I'm not that bad at playing guitar and sometimes I come up with useable ideas, but most of the time as soon as I pick up the guitar and have nothing to lock on I start improvising melodies/licks/riffs but they always hardly in 4/4 time or with a even structure (maybe the phrase will repeat after 3 bars).That happens expecially if stuff I come up with has syncopation. I dont have problems with metronome or drum machine emphasising the beat one and I use them a lot but I'd like to have more an "internal clock". So I was wondering what I could pratice to improve my songwriting in being more "correct". Hope someone could help.

2 Answers 2


Let me start by saying there's nothing wrong with syncopated rhythms or alternating time signatures. Chopin and Liszt excelled in this in the classical realm; for more modern examples, I recommend Dream Theater who are absolutely phaenomenal at this technique.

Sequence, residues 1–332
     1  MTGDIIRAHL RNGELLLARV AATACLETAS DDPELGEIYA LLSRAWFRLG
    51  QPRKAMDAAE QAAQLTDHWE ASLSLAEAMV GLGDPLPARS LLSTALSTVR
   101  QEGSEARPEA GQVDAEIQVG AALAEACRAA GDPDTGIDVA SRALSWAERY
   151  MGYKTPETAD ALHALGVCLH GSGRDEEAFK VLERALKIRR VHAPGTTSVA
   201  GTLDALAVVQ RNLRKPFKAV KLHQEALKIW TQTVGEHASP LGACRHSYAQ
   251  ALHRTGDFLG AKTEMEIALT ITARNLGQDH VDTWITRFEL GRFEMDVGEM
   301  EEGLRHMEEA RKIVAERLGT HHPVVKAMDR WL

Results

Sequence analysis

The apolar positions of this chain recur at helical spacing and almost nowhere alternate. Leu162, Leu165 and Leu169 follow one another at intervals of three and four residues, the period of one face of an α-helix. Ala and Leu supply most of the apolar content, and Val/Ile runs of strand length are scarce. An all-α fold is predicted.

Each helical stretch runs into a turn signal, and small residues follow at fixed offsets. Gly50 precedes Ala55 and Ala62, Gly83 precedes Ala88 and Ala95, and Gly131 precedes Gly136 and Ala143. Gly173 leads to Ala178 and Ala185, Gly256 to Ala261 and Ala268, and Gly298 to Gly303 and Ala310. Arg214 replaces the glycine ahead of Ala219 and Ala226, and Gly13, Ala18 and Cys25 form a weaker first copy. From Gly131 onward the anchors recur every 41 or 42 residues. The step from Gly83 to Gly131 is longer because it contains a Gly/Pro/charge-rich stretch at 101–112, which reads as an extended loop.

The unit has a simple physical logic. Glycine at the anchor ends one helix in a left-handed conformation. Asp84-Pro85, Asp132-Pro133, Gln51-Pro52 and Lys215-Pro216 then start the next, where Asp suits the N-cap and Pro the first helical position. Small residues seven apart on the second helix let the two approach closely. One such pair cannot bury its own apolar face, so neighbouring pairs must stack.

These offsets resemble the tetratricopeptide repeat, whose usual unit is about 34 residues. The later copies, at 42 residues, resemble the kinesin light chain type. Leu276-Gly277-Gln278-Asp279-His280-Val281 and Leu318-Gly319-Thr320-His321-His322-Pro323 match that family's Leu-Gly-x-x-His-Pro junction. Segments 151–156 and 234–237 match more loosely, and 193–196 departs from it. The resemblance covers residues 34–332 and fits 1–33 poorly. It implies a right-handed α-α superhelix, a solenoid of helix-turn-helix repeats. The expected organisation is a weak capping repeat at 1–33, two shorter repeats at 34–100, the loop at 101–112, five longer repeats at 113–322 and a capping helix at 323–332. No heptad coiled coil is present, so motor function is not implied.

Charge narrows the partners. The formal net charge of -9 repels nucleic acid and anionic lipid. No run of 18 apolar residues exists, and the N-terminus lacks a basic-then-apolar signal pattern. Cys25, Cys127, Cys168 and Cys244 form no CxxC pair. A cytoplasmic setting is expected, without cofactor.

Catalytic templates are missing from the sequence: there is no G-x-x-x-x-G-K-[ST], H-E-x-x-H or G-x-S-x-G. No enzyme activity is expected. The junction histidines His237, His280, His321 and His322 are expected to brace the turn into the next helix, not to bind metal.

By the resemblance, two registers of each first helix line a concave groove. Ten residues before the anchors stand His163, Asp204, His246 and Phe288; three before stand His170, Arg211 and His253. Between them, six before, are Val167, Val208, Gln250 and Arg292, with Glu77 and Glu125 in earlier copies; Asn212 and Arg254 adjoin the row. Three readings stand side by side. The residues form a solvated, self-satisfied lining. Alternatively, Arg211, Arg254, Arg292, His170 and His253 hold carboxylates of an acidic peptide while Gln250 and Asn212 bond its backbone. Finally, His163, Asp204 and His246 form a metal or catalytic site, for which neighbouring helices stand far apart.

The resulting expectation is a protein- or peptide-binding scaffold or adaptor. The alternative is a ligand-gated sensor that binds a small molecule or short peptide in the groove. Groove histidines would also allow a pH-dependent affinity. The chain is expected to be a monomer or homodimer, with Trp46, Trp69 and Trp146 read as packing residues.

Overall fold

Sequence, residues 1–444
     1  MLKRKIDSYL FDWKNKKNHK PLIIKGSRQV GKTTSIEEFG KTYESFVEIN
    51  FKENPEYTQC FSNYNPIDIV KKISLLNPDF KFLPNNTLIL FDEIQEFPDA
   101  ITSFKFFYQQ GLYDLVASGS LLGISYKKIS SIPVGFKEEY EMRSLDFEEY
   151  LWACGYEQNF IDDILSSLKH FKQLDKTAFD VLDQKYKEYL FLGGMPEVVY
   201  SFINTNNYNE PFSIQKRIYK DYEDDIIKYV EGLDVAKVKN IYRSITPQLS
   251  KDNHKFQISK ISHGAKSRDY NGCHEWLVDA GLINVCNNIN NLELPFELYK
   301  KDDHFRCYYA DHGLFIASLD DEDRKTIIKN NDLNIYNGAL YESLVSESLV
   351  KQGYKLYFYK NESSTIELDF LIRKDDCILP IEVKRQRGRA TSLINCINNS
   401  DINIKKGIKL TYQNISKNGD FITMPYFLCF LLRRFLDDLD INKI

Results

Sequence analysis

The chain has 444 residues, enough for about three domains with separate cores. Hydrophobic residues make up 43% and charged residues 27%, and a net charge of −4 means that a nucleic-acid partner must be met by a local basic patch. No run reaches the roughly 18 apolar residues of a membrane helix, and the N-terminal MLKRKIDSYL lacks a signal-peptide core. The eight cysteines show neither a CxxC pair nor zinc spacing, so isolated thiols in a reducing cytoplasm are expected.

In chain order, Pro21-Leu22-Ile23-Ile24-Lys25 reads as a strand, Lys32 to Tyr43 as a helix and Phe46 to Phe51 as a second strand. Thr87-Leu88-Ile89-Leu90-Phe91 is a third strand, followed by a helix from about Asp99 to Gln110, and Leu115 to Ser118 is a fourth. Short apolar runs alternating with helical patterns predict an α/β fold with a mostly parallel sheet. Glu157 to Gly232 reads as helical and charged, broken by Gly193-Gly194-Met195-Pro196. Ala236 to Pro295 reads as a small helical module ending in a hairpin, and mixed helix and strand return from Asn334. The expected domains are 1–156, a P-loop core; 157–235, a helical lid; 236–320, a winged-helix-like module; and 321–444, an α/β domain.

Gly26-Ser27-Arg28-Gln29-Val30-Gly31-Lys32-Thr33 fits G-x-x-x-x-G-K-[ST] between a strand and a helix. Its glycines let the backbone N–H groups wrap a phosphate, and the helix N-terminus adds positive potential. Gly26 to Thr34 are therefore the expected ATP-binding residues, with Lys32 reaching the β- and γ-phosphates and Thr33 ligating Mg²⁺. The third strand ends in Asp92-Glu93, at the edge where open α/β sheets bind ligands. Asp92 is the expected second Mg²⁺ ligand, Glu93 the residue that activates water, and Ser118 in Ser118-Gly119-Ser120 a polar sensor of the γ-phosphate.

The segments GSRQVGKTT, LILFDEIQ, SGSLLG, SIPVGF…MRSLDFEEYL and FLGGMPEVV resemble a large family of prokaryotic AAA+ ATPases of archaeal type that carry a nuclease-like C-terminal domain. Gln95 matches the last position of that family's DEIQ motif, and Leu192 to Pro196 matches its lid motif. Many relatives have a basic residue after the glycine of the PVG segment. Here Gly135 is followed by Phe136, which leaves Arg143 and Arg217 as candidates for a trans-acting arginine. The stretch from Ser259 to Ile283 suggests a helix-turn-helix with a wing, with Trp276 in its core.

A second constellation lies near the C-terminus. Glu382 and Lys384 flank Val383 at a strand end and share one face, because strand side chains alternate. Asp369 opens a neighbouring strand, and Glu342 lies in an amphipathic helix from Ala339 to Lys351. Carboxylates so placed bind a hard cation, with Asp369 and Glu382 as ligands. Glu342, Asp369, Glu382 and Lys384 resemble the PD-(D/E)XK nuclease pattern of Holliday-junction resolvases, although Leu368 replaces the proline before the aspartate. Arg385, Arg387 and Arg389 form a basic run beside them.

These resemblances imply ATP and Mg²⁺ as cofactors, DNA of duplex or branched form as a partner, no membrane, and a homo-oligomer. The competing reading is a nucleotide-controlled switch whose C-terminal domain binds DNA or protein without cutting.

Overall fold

Having said that, if you'd like to practice writing riffs for 4/4 time signature, your best bet would be to set up a drum machine with a nice 4/4 rhythm (with a nice strong accent on the 1st beat) and try to play along with it.

Alternatively, you could try things on paper first; having to confine yourself to a strict structure on paper will help you create more meaningful melodies, where the right progression / accent in the music, falls on the right beat in your 4/4 score. This allows you to also experiment with syncopated rhythms alongside, while maintaining some sort of discipline in terms of trying to visibly pair accented parts of your composition enough with the 1st beat of a bar at the same time, so that you don't stray off the sensation of a 4/4 beat too much.

Another insight is the fact that music is almost like words in a sentence, in that it has natural parts with accents, and natural parts without. Realise the similarity to speech, and attempt to spread the "words" (i.e. your melody) such that the accents in your sentence fall on the accented 1st beat of a bar most of the times.

Finally, just listen to some pop music; most of it is 4/4 anyway. If anything, most people have the opposite problem, i.e. how to compose music that isn't 4/4 !


If you want to compose in 4/4, get a sequencer, set up a 4/4 drum loop - maybe just a basic rock or swing pattern - and work to it. But there's nothing 'incorrect' about non-4/4 times, or 3-bar phrases.

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